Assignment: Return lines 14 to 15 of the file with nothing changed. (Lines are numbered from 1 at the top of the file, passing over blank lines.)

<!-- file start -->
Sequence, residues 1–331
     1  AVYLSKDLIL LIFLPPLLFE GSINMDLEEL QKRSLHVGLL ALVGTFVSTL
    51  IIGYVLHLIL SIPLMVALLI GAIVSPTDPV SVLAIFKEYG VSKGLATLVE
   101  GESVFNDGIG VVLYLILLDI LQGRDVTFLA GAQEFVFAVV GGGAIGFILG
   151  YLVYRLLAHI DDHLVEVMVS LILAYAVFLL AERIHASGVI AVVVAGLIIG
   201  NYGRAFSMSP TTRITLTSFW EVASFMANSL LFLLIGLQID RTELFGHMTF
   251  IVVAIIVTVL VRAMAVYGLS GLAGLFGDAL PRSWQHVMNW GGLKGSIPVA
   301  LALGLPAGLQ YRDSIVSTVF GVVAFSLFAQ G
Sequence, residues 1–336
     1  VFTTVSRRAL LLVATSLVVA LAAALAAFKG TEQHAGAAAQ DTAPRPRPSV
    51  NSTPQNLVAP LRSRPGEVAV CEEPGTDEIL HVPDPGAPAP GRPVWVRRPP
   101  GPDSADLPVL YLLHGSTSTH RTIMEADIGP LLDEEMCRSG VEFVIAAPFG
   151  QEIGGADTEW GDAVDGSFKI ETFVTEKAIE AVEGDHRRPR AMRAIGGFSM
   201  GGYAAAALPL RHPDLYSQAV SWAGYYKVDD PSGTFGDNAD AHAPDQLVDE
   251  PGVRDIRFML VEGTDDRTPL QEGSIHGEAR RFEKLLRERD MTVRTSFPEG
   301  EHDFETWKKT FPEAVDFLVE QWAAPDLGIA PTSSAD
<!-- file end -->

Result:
   201  GGYAAAALPL RHPDLYSQAV SWAGYYKVDD PSGTFGDNAD AHAPDQLVDE
   251  PGVRDIRFML VEGTDDRTPL QEGSIHGEAR RFEKLLRERD MTVRTSFPEG